Beekeeping practices lie on a spectrum between industrial-scale beekeeping and bee conservation. The further you move towards the bee conservation end of the spectrum, the more you encourage a colony to take control and produce a hive in its natural form and shape, without pre-set wax moulds and with minimal disturbance of the hive. Bees are allowed to swarm according the colony’s own impulses, and, rather than relying on man-made medicines which are often developed by the same companies that sell neonicotinoids, bees are encouraged to fight off pests and disease themselves in order to develop a natural resistance. Honey, if taken at all, is taken when there is true excess and in the spring once a hive has survived the winter.
Viewed from a perspective of sustainability, honey consumption by humans might be less frequent than it is now. It could be seen more as a special occasion product or medicine rather than a regular item of choice.
There are roughly three types of honey production: the collection of wild honey, small-scale production and industrial-scale production. The latter is the most widely criticised type of beekeeping and is akin to other types of factory farming. With industrial honey production, bees may be subject to a variety of processes and procedures. These include artificial feeding regimes, artificial insemination, treatment with antibiotics, inhumane transportation conditions and culling. Here are some of the main issues regarding honey bee welfare.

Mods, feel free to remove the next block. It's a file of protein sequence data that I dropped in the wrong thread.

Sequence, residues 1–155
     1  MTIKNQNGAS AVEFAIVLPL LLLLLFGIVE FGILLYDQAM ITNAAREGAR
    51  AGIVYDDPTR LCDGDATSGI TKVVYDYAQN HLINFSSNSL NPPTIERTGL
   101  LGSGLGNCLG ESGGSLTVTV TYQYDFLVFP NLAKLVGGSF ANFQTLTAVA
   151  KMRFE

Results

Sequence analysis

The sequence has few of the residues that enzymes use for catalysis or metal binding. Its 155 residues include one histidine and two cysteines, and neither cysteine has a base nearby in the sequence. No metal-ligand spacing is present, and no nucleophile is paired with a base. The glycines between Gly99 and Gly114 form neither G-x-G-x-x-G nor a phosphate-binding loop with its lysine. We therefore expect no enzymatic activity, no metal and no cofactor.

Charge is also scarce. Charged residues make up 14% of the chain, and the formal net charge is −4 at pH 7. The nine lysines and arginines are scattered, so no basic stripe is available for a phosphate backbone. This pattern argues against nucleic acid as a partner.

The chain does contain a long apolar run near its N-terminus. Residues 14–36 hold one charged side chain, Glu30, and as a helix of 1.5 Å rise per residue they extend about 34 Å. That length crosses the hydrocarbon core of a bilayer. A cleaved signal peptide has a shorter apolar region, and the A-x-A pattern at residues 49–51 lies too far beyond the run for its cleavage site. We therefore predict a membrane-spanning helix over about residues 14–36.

Culling of hives
One of the most brutal aspects of industrial-scale bee farming is culling. This occurs once the honey is collected (usually in autumn). In some cases it is cheaper to kill off entire hives rather than feed the bees through the winter. In cases where bees are not culled they are sometimes fed sugar water as a replacement for the honey taken for human consumption.
Short live the queen!
In wild hives a queen bee may choose to lead part of the colony to a new hive. A new queen then takes her place in the old hive. This is basically how the species reproduces. However this needs to be prevented in industrial beekeeping as it can leave a hive without enough bees to produce a financially viable amount of honey.
One tactic used by beekeepers (in both large- and smaller-scale farming) to keep production high is clipping the queen’s wings. This helps to prevent swarming. Because the queen is not able to fly, the swarm simply masses next to the hive. They are then collected by the beekeeper and returned to the hive. A second tactic used by beekeepers is to periodically kill and replace the queen. In wild colonies the queen is selected by the worker bees and specially fed in order to become sexually mature.